Danske Bank, continuously questioned by skeptical analysts over the mismatch in expectations, remains persistent. During its second-quarter earnings call, CEO Carsten Egeriis emphasized that the bank is "heading in the right direction," promised to update the market in the next quarter on how it plans to meet its objective and reiterated that the ROE target will not be adjusted.
Danske Bank has already made significant progress on this measure, recording an ROE of 7.0% in the first half of 2021, up from 0.9% a year earlier.
As part of its transformation program, the bank has launched significant cost-cutting initiatives and changes to its organizational structure, including a plan to discontinue approximately 1,600 positions.
But more is required, and Danske Bank will need to present new and "convincing" initiatives to persuade the market that it will be able to achieve its objective, said Sydbank's Jensen.
Compliance expense is one post where Danske "may surprise" by delivering on its target to bring such costs down to between 1.5 billion kroner and 1.7 billion kroner in 2023, from a peak of 4.1 billion kroner in 2020, according to Thinggaard. The analyst's estimate for 2023 includes compliance costs at 2.35 billion kroner.
Danske Bank also has room to grow its fee income, Thinggaard said, adding that the bank could be inspired by Danish peers such as Sydbank A/S, which earlier this year introduced a monthly fee for customers with a business volume of less than 300,000 kroner.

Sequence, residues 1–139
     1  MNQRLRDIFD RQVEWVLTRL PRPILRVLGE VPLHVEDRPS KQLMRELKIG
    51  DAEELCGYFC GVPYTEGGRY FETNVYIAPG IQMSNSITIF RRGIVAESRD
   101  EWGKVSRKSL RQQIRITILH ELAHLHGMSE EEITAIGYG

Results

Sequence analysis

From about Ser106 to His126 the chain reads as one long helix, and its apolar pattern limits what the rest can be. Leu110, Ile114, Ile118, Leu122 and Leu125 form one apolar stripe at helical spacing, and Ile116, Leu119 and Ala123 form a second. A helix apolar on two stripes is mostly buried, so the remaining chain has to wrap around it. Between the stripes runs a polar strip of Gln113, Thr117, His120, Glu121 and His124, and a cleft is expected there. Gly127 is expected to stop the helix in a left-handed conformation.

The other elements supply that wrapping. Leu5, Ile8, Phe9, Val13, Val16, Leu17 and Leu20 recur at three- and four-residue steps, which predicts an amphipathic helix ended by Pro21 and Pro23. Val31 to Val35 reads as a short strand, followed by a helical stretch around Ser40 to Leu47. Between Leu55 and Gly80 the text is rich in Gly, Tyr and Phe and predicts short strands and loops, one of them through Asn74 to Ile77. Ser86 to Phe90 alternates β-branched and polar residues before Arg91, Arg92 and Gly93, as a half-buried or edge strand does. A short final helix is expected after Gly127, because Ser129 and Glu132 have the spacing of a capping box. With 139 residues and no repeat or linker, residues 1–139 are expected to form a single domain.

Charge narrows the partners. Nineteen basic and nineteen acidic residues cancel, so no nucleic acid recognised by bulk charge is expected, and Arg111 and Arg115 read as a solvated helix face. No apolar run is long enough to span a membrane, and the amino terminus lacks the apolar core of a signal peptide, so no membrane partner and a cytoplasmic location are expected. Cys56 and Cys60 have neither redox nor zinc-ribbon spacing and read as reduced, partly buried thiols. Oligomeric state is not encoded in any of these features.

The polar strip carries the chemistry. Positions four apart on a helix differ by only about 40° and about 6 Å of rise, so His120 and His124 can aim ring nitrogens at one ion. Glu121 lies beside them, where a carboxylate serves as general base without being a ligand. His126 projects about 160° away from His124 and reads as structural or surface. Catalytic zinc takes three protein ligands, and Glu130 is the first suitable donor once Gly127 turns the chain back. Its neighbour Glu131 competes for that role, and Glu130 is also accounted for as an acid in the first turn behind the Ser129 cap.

Danske Bank could boost income by expanding its negative interest rate regime to cover more depositors or lowering the interest it charges in order to reinstate a positive margin on deposits, said Sydbank's Jensen. Such moves could also encourage customers to move toward the bank's more profitable investment products, Jensen added.
Furthermore, Danske Bank's ability to keep loan loss provisioning levels low will be "a decisive factor" for ROE, Jensen said. The analyst assumes a normalized cost of risk level of between 10 bps and 15 bps in 2022 and 2023, saying there is a risk of a "COVID-19 hangover" that will see bankruptcies rise once government support packages end.
"But it may well be that Danske Bank, based on the credit quality it currently sees, expects loan losses to be lower in the coming years than they have historically been," Jensen said. "If the economy is strong and there is good volume growth, and it gets a financial boost over the coming years in the wake of COVID-19, then it may help it to meet these goals."
Danske Bank had a cost of risk of 6.6 bps in the first half of 2021, according to Market Intelligence data.
The bank does not comment on specific analyst opinions, Danske Bank's head of investor relations, Claus Ingar Jensen, said in an email, but he noted that deviations between external estimates and Danske Bank's own plans are "not uncommon," as 2023 "is far away." Estimates gathered by Danske Bank itself include "a fairly big range for net profit — and thereby ROE," Ingar Jensen said.
Without going into further detail, Ingar Jensen said the bank expects both higher income and lower costs to support it in realizing its ROE target. "And remember that the size of the capital base is also an important component for the ROE," he added.
As of Sept. 1, US$1 was equivalent to 6.28 Danish kroner.